Commentary by David Rieder
The new year has begun. For the past two weeks, people around the world have been pulling out erasers and white-out to correct the date they just mistakenly wrote as “2013.” And, while last year ended with a flourish in swimming – a narrow American comeback win over the Europeans at the Duel in the Pool – the focus turns back to the big pool with a clean slate on the horizon. For the first time since last January, the world rankings are empty. No one has yet begun to stake their claim as the best in the world.
That process will begin this weekend when several of the top athletes in America dive into the competitive waters for the first time at the Arena Grand Prix in Austin, held at the University of Texas. While your average mid-January meet may deliver its fair share of ho-hum results and lackluster racing, it’s not every January you see a showdown between the world’s top two female distance swimmers coming off a year where the two lit it up at the World Championships.
Katie Ledecky, still two months shy of her 17th birthday, makes her 2014 debut in Austin, and she won’t have to wait to face the woman she edged out for world titles in the 800 and 1500 free events last summer. In the past half year, Lotte Friis has moved to Baltimore to train with Bob Bowman, and with the two rivals now living a mere hour’s drive apart from one another, their opportunities to race will be plenty. While Ledecky’s world record of 8:13.86 won’t be in play, these beltway battles should a highlight of the domestic circuit in 2014 and potentially up until Rio in 2016.
When Ledecky steps to the blocks in the 400 free in Austin, she will be the clear favorite to rack up a victory. No other woman has broken 4:00 in the 400 free without the aid of the now-banned high-tech suits, a feat Ledecky accomplished when she blew away the field in Barcelona last summer. With Ledecky’s recent dominance in the event, it seems like ages ago that Allison Schmitt won the silver medal in the 400 at the Olympics.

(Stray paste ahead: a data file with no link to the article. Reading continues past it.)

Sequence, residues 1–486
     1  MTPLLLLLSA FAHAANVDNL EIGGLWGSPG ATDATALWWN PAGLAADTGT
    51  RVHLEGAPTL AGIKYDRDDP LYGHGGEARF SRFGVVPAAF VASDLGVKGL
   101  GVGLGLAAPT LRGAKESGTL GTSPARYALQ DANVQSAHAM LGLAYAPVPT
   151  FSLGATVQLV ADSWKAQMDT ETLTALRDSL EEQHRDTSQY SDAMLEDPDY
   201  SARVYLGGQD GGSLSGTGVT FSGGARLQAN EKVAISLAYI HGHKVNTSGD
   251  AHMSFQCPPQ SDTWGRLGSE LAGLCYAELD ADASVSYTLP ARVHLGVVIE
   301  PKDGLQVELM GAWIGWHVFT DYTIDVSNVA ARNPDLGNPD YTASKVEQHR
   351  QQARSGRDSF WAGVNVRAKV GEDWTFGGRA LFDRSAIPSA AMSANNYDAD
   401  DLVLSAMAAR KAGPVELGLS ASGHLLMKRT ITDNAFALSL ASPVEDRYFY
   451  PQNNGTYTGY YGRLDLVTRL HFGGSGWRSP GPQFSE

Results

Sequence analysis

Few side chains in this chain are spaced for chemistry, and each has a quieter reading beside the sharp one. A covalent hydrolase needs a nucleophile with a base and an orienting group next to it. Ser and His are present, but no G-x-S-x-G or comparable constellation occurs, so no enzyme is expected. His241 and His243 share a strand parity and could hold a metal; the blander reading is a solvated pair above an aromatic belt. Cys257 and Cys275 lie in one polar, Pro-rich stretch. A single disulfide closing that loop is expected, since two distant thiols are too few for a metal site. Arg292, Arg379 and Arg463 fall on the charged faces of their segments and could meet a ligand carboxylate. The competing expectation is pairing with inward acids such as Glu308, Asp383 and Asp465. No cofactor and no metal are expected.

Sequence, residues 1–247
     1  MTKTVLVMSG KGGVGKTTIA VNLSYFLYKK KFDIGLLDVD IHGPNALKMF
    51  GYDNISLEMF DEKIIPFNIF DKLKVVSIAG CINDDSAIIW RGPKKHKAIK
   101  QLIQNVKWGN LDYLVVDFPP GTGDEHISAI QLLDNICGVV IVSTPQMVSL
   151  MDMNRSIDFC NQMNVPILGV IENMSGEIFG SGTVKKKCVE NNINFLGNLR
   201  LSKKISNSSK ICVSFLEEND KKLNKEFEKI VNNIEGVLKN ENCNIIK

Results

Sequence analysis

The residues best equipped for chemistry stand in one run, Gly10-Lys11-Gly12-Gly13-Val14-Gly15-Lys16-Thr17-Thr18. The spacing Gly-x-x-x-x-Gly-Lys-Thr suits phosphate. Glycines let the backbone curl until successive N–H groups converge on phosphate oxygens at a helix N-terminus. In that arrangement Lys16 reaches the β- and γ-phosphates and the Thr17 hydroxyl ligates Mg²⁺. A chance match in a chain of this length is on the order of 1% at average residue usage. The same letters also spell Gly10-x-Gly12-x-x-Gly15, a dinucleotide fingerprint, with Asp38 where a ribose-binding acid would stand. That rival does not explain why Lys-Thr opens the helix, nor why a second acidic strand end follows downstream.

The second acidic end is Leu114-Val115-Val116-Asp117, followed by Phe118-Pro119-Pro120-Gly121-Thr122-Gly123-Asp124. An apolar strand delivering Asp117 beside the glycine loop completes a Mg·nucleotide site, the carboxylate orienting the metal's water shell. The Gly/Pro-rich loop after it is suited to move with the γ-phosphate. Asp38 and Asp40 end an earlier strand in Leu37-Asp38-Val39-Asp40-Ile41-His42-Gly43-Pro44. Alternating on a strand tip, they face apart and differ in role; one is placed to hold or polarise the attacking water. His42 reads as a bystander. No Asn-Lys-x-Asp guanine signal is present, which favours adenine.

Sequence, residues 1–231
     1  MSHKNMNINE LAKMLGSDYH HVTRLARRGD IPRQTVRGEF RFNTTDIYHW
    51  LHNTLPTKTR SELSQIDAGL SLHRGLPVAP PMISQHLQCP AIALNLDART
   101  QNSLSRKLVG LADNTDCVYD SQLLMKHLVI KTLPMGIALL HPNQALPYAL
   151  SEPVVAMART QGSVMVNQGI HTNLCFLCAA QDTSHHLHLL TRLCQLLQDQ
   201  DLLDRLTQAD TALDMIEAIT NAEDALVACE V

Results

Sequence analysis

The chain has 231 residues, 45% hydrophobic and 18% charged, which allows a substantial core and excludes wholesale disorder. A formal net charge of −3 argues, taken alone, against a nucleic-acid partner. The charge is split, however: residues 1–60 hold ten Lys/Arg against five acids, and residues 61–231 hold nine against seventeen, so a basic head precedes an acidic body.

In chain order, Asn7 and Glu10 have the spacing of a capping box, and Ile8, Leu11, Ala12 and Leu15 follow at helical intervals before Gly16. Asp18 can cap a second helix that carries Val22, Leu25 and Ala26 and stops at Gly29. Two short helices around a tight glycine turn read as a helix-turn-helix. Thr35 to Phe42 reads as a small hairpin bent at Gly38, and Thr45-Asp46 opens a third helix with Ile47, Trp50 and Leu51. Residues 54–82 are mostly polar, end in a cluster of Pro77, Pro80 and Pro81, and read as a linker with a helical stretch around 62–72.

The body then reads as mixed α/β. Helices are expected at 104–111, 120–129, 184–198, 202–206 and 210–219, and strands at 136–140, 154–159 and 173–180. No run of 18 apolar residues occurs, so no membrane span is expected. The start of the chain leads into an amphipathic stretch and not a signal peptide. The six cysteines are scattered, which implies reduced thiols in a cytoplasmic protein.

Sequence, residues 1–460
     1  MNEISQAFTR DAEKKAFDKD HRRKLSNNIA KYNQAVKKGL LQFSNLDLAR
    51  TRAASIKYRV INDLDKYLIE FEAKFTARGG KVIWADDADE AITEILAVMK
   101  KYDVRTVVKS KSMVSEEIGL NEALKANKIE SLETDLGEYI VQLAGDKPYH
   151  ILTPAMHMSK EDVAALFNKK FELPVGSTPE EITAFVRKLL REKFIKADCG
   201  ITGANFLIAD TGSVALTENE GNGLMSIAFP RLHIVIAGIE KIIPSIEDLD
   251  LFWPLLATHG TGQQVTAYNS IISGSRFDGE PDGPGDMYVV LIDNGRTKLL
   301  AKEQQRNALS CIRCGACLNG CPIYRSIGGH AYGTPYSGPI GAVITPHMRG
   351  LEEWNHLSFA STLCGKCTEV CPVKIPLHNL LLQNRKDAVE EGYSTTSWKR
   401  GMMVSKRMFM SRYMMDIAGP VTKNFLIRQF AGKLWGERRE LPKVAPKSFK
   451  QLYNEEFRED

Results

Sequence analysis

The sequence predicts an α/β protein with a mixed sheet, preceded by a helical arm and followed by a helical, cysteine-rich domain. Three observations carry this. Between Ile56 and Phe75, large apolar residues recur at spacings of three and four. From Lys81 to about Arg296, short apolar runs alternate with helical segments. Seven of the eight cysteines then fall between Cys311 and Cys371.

That medal came as part of a dominant performance in London for Schmitt, where she also won the 200 free and anchored all three American relays to two golds and one bronze. She seemed like a big part of the bright future of the American women’s team, but an extremely disappointing summer left her off the World Championships team. That team fared just fine without her, as Missy Franklin won the 200 free, Ledecky took the 400 free, and the women won all three relays. Still, at just 23, Schmitt’s career hasn’t ended. Austin could be a good gut check for her as she goes up against the likes of Ledecky, Megan Romano, and Natalie Coughlin.
On the men’s side, Matt Grevers checks in for a rare appearance in the 200 back, where he will face Olympic champion Tyler Clary, along with Cal freshman Ryan Murphy. With the college season in full swing, few athletes with their sights set on NCAA glory will make the detour to long course racing in Austin, but Murphy, along with a handful of his Golden Bear teammates, will make the trip to Texas with the team’s pro group. Still, that race might pale in comparison to the men’s 400 free, where the star-studded field beats almost any seen in 2013.
The North Baltimore group coming to town brings along Matt McLean, Yannick Agnel, and new addition Ous Mellouli, while Michael Klueh returns to his college pool for the weekend. Charlie Houchin, now swimming back in his hometown of Raleigh, NC, will be in the field, as will Clary, who will test the waters in an event that fits his skill set but rarely his schedule. Look further down the psych sheet to find the names Nikita Lobintsev, a 2008 Olympic finalist in the event, and Chip Peterson, a former open water star for Team USA making a return to the competition pool.
It’s no stretch to predict that whoever wins the race will vault themselves into the top spot in the way-too-early world rankings for 2014. Sure, the times will improve as athletes push forwards towards this summer’s top meets, the Pan Pacific Championships, European Championships, and Commonwealth Games. Still, it can never be too early to lay down a swim that gets the rest of the world buzzing and maybe provides that little kick in motivation required to buckle down in training. 2013 brought fast swimming; 2014 should be no different, and that starts on Friday in Austin.